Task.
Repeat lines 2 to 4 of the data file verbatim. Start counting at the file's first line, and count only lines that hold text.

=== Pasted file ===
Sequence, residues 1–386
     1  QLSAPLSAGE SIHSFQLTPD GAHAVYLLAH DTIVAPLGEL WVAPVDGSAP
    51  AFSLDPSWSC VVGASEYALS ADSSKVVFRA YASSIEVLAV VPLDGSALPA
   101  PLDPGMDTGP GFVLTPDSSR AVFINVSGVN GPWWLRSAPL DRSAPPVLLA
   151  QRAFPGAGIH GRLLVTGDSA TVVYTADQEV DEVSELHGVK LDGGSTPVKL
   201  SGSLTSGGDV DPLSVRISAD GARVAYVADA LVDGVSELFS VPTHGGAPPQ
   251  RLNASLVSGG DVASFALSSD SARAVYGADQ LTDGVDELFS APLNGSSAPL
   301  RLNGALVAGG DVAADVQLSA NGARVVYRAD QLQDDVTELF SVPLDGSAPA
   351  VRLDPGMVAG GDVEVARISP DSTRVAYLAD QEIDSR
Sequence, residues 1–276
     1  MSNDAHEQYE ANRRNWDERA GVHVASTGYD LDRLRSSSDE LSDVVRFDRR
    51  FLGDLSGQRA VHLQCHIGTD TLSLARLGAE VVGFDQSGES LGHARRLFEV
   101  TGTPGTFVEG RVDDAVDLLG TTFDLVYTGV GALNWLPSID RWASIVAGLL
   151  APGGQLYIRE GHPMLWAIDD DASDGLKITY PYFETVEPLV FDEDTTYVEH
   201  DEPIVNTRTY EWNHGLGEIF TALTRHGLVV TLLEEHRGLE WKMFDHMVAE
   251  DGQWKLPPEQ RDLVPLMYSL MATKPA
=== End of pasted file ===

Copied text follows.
     1  QLSAPLSAGE SIHSFQLTPD GAHAVYLLAH DTIVAPLGEL WVAPVDGSAP
    51  AFSLDPSWSC VVGASEYALS ADSSKVVFRA YASSIEVLAV VPLDGSALPA
   101  PLDPGMDTGP GFVLTPDSSR AVFINVSGVN GPWWLRSAPL DRSAPPVLLA